As Egypt prepares to vote on a new constitution today, Egyptian Christian immigrants living in the US are worried for their families at home. There is grave concern that Egypt may soon become an Islamic state.
By Julia Spitz
12/12/2012 Egypt (Milford Daily News) - As reports from Cairo reach America, it's hard to ignore what Lila has to say.
"It's not safe at all,'' said Lila, whose name has been changed to protect the brother and sister she hopes to get out of Egypt as soon as she possibly can.
On Tuesday, an Associated Press story about recent clashes included accounts of "crowds of bearded Islamists proclaiming allegiance to Egypt's President Mohammed Morsi and chanting 'God is great' as they descended on tents set up by anti-Morsi protesters ... They set up a detention facility, interrogating and beating captured protesters.''
"If your last name is Christian,'' rather than a traditional Muslim surname, "they can beat you up but good,'' said Lila,a Coptic Christian.
Lila grew up about 200 miles away from Tahrir Square, in Assuit, an area with Egypt's highest concentration of Coptics, who represent about 10 percent of the country's population.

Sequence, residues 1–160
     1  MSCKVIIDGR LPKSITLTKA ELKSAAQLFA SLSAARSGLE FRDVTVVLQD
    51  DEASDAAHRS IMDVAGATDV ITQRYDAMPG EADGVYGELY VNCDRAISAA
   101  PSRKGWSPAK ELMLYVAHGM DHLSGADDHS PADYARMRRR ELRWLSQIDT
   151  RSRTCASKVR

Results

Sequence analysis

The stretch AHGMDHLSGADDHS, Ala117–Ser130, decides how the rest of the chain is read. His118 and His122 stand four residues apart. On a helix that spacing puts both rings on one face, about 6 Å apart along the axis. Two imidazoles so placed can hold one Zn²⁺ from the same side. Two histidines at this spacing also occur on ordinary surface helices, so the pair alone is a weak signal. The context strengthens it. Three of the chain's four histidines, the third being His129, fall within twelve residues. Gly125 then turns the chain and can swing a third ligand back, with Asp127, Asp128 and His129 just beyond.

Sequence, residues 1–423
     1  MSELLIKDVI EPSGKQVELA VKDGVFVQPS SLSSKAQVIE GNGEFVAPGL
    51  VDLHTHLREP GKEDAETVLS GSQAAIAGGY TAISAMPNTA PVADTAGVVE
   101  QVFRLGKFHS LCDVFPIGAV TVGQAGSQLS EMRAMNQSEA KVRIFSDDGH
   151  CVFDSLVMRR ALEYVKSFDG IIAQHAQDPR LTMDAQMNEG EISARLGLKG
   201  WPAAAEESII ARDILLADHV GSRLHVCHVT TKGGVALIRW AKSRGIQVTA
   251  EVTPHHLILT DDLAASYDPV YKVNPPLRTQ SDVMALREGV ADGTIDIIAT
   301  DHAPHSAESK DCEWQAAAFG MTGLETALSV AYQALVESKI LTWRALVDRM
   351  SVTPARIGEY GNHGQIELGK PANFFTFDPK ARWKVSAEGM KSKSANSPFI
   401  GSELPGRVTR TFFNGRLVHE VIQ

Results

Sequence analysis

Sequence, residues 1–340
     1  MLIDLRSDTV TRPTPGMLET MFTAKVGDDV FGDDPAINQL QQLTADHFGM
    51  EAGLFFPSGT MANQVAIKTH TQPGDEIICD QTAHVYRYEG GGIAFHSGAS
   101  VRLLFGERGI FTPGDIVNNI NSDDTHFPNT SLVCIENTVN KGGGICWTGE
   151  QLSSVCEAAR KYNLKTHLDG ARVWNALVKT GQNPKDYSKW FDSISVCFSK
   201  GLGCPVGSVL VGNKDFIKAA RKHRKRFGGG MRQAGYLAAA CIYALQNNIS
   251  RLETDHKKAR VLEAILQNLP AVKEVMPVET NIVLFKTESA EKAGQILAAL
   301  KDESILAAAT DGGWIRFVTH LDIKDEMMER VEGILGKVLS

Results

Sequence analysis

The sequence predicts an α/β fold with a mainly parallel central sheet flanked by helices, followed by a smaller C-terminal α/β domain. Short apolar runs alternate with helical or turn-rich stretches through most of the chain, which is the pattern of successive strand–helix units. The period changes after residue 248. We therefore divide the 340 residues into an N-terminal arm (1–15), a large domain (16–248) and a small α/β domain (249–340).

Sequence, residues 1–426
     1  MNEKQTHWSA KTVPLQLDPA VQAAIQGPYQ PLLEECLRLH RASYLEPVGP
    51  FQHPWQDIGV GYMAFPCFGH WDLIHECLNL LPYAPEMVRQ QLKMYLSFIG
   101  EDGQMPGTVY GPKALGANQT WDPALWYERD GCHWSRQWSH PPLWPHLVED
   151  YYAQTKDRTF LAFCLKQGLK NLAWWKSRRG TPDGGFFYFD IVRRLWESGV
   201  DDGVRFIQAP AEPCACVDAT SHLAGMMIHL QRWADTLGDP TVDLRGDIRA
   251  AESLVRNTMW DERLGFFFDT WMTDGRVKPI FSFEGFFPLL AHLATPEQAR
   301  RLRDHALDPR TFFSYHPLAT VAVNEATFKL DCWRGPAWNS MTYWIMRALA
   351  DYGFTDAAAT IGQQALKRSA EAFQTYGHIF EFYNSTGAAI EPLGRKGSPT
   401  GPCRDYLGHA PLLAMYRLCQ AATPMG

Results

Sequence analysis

Despite the difficulty, "reuniting families is the best part of the work,'' said McGovern. His staff often takes pictures to send to those who have helped with the process "so that they can enjoy the smiles and happy endings along with us.''
A happy ending is certainly what Lila's family prays for, but they fear what will happen if the proposed constitution is approved in Saturday's vote.
"No one knows what the outcome is going to be for the people of Egypt,'' said Lila's father.
What they do know is what they hear from those in the Coptic community now.
"Almost every day, we call them to see if they are safe,'' Lila said of her younger siblings. They say there are reports of Christian children disappearing, then a few weeks later, "the parents get a call,'' said Lila. The caller says, "he's not your business anymore'' because the child has converted to Islam, she said.
"If you go out of the house, you're looking around,'' said her father. "Are they going to kill you?''
Meanwhile, "Egypt's powerful military warned earlier this week of disastrous consequences if the dispute over the draft constitution is not resolved,'' the Associated Press reported.
And "Egypt's judges Tuesday said that most of them would not oversee a nationwide referendum on a contentious draft constitution, as tens of thousands of opponents and supporters of the country's Islamist president staged rival rallies in Cairo, four days ahead of the vote.''